Despite the floods devastating some parts of the country, cattle and sheep producers and cotton, rice and sorghum growers are some of farming’s big winners from Australia’s rain-soaked summer.
Rabobank’s head of agricultural commodities, Stefan Vogel, said farmers – with the exception of those hit by flooding and storm damage – had done well out of an El Niño weather pattern delivering the opposite of what was expected.
More rain is forecast in parts of the Northern Territory, Queensland, NSW and Victoria in a boost for most cattle and sheep producers, and many summer crops. Rain meant more feed for cattle and sheep and was falling at the right time for summer crops such as sorghum and millet, and for cotton and rice producers.
Central Queensland cotton grower Aaron Kiely, who farms at Emerald, said he was on track for an above-average harvest after timely rain over the past two months that had already delivered big savings on irrigation costs.
Mr Kiely said cotton growers in Queensland’s Central Highlands were in a good position to boost yields and take advantage of prices hovering around $640 a bale, down from more than $700 last year.
“There are a lot of positives to this rain unless you’ve been caught up in the nasty storms, or further north with Cyclone Jasper in December,” he said.
Mr Kiely said his cotton crop was looking good ahead of picking, expected to start around March. He said favourable weather conditions created the potential to delay picking into May and June to boost yields.
“Going into 2024, this rain is great for our region. Our dryland [non-irrigation] farmers will have great opportunity leading into the start of their season and the inflow into weirs and rivers will boost irrigation allocations,” he said.
Farmers in the west finished harvesting a grain crop of about 14.3 million tonnes, including 7.35 million tonnes of wheat, before Christmas. The harvest was about 40% down on the previous year after a much drier 2023 in the state’s vast wheat belt.
Official forecasts ripped up
Rabobank and others, including official federal government forecaster ABARES, face big revisions of their cotton, sorghum and rice production estimates on the back of the east coast rain.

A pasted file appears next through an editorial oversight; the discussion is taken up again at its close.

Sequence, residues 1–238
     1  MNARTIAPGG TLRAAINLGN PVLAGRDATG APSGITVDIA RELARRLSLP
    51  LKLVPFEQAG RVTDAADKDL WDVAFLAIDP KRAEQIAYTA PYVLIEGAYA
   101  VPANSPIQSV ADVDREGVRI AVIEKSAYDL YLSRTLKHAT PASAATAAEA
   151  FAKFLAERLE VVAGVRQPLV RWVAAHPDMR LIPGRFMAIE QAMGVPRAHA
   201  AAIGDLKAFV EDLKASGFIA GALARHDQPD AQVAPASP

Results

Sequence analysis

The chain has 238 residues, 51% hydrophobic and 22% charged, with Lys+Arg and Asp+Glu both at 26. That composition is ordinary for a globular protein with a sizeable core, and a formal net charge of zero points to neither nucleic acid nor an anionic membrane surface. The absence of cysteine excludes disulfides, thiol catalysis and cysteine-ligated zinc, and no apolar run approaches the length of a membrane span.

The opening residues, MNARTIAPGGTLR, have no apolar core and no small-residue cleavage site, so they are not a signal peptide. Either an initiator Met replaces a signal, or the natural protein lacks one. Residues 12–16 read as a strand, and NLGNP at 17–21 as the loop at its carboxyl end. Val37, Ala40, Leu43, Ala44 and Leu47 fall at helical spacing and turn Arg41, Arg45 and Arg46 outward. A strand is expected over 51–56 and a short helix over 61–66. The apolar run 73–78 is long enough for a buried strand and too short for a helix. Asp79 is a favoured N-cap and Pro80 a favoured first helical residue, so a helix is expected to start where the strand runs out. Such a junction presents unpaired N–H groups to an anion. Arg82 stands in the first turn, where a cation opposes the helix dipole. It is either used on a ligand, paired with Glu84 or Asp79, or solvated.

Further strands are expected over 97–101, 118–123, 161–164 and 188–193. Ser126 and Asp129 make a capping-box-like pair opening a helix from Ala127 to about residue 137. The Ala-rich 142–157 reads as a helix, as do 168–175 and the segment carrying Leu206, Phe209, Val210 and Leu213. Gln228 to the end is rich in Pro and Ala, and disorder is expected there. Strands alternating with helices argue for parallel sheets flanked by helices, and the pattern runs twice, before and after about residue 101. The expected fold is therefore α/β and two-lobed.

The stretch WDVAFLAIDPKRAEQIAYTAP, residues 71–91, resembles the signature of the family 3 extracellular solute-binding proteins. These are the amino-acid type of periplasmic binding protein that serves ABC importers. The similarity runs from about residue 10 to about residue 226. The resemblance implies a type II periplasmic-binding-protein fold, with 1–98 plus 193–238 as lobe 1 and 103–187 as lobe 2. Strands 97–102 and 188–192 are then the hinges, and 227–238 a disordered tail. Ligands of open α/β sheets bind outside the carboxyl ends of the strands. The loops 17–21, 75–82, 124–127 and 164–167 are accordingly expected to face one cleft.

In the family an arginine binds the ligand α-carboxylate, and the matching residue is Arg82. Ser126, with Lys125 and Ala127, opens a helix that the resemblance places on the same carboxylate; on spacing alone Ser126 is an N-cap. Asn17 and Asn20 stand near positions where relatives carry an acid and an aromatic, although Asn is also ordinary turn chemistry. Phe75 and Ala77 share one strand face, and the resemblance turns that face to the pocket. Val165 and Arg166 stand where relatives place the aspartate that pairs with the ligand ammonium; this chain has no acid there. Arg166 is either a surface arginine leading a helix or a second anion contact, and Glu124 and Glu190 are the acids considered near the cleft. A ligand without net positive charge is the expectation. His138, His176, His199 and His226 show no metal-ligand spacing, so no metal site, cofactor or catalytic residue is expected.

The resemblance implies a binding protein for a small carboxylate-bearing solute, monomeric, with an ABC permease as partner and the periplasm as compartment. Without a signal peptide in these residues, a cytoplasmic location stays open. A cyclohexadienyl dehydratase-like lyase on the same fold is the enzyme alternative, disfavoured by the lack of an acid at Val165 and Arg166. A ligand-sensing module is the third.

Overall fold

The federal government has already revised its farm export earnings forecast to $67 billion following recent rains. In June, it forecast that farm export earnings would fall by 17% to $65 billion in 2022-23.
In December, ABARES forecast cotton production to fall by 26% year-on-year to 925,000 tonnes, based on lower planting due to very low rainfall in the planting window and a drop in irrigation allocations.
Mr Vogel said cattle and sheep producers were probably the biggest winners from the rain, despite some moving to de-stock towards the end of 2023 based on the El Niño forecast.
“November rain and now the rain late in 2023 and early in 2024 is bringing more confidence back into the cattle market because producers know they are going to have decent amount of feed, probably for a few more months,” he said.
“In my mind, this is really benefiting the industry, and clearly a lot of those cattle are held in Queensland and in the Northern Territory, where we have seen quite a bit of rain.”
Cattle prices crashed from some of the highest levels in the world in 2023. The eastern young cattle indicator ended the year at $4.57 a kilogram, down from about $8.50 a kilogram in January 2023, and hit a low of about $3.50 a kilogram in October amid El Niño fears.
“This rain is actually very welcome by the farming industry to get it up and running for the next season, and just to help us see that even in those El Niño years which are supposedly dry, we can keep our hopes and moods up because that’s what farmers have to do sometimes,” Mr Vogel said.